What is a second mortgage?

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In a Nutshell

A second mortgage is one way to access some of your home's equity to help you achieve your financial goals.
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A second mortgage often comes in the form of a home equity loan or line of credit that you can take out in addition to your property’s primary mortgage loan.

But there are several things you’ll want to consider before you borrow against the value of your home.



What is a second mortgage and how does it work?

A second mortgage is a loan or line of credit that you take out using your home as collateral. The loan is separate from your primary mortgage loan, which is what you used to purchase the property in the first place.

A second mortgage often allows you to use your home equity, which is the difference between the market value of your home and how much you owe on your mortgage loan.

A home equity loan is an installment loan that typically provides you with a lump-sum payment in exchange for regular monthly payments for a fixed period of time. 

With a HELOC, or home equity line of credit, you can get access to a revolving credit account, which works similarly to a credit card. You can borrow money, pay it back and borrow it again. You only have to pay interest on the amount you actually borrow.

HELOCs typically have a draw period, during which you can withdraw money from your credit line and make interest-only payments. Then, there’s a repayment period, during which you typically pay back your balance in regular installments.

You can use a second mortgage for pretty much anything, and interest rates are generally lower than what you’d find with an unsecured personal loan or credit card because the debt is secured by your home.

Keep in mind that lenders may limit the percentage of your equity that you can borrow against. The more of your equity that you borrow against, the higher your chances of being underwater on your mortgage if home prices go down in your area.

Is a second mortgage a refinance loan?

A second mortgage and a refinance loan are two different types of loans.

With a second mortgage, you’re adding an additional lien to your home. In contrast, a refinance loan pays off your primary mortgage loan and replaces it with a new one.

Plus, a second mortgage is subordinate to your primary home loan. That means if you refinance your primary mortgage loan, that loan takes precedence over a home equity loan or HELOC in the event that you default on your debt, and the lender forecloses on the property.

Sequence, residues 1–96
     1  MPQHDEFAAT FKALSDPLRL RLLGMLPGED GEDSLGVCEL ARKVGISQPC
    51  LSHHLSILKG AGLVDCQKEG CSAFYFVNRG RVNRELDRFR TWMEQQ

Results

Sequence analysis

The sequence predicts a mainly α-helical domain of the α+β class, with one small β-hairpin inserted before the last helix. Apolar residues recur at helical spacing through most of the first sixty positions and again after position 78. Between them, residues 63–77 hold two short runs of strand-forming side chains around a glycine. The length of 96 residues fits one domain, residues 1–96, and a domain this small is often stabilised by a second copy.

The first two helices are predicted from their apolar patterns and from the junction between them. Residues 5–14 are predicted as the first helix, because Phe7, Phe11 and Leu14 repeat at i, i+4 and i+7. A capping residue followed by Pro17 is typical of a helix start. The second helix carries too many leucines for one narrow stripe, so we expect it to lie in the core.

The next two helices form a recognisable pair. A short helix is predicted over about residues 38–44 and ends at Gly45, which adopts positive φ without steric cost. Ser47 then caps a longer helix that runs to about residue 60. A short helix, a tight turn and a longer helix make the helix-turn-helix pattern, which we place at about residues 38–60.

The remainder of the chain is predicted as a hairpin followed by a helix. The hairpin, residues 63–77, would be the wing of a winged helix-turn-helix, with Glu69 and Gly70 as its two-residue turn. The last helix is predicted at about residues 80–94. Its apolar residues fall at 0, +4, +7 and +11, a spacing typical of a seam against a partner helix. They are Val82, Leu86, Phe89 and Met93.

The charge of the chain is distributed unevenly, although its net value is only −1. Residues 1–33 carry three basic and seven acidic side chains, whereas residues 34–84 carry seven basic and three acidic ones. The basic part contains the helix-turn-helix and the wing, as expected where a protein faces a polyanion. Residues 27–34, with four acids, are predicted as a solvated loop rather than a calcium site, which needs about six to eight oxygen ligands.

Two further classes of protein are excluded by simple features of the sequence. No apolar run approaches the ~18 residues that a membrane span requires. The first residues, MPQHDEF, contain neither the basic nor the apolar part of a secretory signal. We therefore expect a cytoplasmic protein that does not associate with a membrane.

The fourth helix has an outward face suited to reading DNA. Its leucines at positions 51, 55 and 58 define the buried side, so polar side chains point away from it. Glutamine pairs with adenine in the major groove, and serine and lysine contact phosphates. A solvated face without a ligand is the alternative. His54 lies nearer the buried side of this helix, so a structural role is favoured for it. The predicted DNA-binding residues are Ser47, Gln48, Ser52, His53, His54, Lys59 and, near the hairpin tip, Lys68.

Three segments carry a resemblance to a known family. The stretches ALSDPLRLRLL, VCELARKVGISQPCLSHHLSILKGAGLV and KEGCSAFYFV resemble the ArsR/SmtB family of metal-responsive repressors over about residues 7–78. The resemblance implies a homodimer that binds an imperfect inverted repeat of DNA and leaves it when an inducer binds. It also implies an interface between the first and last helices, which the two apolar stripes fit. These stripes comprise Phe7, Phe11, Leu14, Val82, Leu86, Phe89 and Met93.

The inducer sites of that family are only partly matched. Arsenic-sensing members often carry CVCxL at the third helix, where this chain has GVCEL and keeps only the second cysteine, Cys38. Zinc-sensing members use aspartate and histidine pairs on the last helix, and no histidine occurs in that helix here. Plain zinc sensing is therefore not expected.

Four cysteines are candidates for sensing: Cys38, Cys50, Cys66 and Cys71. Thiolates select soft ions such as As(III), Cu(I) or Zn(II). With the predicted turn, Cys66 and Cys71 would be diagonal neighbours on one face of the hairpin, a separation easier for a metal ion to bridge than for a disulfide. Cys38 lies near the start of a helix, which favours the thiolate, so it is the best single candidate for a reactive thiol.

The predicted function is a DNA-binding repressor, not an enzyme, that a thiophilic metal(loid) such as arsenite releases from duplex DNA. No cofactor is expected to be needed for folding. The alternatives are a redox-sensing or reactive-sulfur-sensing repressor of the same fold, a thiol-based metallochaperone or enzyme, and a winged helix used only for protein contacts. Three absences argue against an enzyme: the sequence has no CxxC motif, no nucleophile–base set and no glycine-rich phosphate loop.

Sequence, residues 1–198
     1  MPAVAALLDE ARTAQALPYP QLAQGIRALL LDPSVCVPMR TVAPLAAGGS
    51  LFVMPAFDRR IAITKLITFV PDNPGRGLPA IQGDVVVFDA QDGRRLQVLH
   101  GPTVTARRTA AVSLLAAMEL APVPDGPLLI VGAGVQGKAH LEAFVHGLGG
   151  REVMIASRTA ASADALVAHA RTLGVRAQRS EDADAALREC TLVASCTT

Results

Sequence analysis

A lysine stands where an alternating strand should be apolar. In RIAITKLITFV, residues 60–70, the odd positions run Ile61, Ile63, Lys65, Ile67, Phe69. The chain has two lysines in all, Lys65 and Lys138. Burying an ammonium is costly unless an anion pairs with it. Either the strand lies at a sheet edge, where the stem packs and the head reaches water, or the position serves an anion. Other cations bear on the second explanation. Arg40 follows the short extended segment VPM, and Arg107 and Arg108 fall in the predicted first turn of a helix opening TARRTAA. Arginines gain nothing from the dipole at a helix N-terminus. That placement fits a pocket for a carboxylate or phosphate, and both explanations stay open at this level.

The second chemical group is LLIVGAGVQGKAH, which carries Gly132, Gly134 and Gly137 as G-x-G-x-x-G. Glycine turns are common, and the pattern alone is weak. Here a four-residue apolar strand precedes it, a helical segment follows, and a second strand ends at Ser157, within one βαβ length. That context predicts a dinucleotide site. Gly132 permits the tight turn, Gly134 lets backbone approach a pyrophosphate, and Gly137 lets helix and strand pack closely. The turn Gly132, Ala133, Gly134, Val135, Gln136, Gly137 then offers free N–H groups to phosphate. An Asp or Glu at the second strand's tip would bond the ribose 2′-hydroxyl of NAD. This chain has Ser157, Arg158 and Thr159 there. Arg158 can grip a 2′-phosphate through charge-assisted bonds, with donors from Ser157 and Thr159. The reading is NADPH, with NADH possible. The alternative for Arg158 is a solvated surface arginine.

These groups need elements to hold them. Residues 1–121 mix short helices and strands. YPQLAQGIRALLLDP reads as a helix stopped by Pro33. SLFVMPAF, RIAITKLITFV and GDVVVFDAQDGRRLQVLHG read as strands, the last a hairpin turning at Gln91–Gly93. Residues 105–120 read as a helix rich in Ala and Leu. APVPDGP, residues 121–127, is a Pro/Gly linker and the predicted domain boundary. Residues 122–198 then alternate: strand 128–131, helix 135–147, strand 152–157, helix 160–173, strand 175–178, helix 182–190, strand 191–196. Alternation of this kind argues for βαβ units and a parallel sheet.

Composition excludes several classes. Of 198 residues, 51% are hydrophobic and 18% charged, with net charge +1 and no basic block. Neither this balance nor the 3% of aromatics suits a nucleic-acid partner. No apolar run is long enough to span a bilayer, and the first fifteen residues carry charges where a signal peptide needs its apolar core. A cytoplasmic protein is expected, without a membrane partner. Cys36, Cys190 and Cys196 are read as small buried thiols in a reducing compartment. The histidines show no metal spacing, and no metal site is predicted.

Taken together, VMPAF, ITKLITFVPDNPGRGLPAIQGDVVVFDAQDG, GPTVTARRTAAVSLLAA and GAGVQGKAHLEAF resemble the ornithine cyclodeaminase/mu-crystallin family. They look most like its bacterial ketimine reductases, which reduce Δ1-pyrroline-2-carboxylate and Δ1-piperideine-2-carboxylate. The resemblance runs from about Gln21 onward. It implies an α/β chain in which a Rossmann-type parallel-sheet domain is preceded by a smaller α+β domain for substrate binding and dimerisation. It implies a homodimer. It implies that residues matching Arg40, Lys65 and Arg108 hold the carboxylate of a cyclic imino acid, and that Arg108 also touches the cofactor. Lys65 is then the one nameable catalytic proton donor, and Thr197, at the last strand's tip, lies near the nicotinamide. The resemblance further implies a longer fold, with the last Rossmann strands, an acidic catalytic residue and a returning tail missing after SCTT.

The lender with the second mortgage may still get repaid, but only if there’s enough left after the primary mortgage is satisfied.

What can I use a second mortgage for?

You can use a second mortgage for just about anything, including home renovations, debt consolidation, large purchases and more.

However you’re thinking about using your loan funds, you’ll want to carefully consider the costs and other potential drawbacks to determine if it’s the right decision.

Pros and cons of a second mortgage

There are several reasons to consider taking out a second mortgage on your home, but there are also some potential pitfalls to watch out for.

Pros

  • Low interest rates: Because the loan or line of credit is secured by your home, you may qualify for lower interest rates than you’d get for unsecured personal loans or credit cards. Just be sure to read the fine print. Some HELOCs, for example, feature a low introductory rate that is subject to an adjustment later on.
  • Flexible uses: You’re generally not limited in how you can use your loan funds, giving you a lot of flexibility to work toward your financial goals.
  • Potential for high loan amounts: The amount you can borrow depends on your finances, the lender and how much equity you have. But if you have a lot of equity in your home, you may be able to borrow more than you could with other financing options.

Cons

  • More to pay: While interest rates can be low, your total cost of borrowing may be more than you think. HELOCs, for example, may come with closing costs, and you may need to pay an annual fee. In general, having two mortgage payments to make may be challenging all by itself depending on your circumstances.
  • Adjustable rates: You may find that certain second mortgages like HELOCs feature adjustable rates rather than fixed rates — an important issue to be aware of when considering these options.
  • Defaulting could cause you to lose your home: Because you’re using your home as collateral for your second mortgage, you could put your home at risk if you can’t make your payments. Think carefully about adding a second mortgage payment to your budget and how it might affect your ability to meet your obligations.

Next steps

If you’re considering a second mortgage, take some time first to compare it with other options you might have for financing. While a personal loan or credit card may be generally more expensive, unsecured debt means you won’t have to worry about losing your home as a direct consequence of failing to pay.

If you’ve decided a second mortgage is right for you, compare home equity loans and HELOCs to determine the right fit for your needs. Then, take some to shop around and compare rates from multiple lenders before submitting an application.

In addition to interest rates, also consider closing costs, ongoing fees, loan-to-value limits and other factors to find the best potential fit for you.


About the author: Ben Luthi is a personal finance freelance writer and credit cards expert. He holds a bachelor’s degree in business management and finance from Brigham Young University. In addition to Credit Karma, you can find his wo… Read more.